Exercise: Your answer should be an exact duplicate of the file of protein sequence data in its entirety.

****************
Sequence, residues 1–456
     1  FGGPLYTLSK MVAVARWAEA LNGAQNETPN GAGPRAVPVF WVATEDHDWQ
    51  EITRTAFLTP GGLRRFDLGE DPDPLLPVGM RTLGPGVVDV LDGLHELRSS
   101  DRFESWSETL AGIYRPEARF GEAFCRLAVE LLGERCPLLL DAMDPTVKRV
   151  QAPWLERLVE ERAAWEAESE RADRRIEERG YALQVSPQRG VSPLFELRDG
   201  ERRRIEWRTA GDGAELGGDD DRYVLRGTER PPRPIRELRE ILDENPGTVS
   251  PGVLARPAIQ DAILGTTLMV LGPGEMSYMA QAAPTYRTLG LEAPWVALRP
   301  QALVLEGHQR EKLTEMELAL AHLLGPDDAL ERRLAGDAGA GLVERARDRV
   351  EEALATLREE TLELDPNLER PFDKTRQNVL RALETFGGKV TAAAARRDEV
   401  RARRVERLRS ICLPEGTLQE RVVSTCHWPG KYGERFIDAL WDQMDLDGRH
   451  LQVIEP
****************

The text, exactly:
Sequence, residues 1–456
     1  FGGPLYTLSK MVAVARWAEA LNGAQNETPN GAGPRAVPVF WVATEDHDWQ
    51  EITRTAFLTP GGLRRFDLGE DPDPLLPVGM RTLGPGVVDV LDGLHELRSS
   101  DRFESWSETL AGIYRPEARF GEAFCRLAVE LLGERCPLLL DAMDPTVKRV
   151  QAPWLERLVE ERAAWEAESE RADRRIEERG YALQVSPQRG VSPLFELRDG
   201  ERRRIEWRTA GDGAELGGDD DRYVLRGTER PPRPIRELRE ILDENPGTVS
   251  PGVLARPAIQ DAILGTTLMV LGPGEMSYMA QAAPTYRTLG LEAPWVALRP
   301  QALVLEGHQR EKLTEMELAL AHLLGPDDAL ERRLAGDAGA GLVERARDRV
   351  EEALATLREE TLELDPNLER PFDKTRQNVL RALETFGGKV TAAAARRDEV
   401  RARRVERLRS ICLPEGTLQE RVVSTCHWPG KYGERFIDAL WDQMDLDGRH
   451  LQVIEP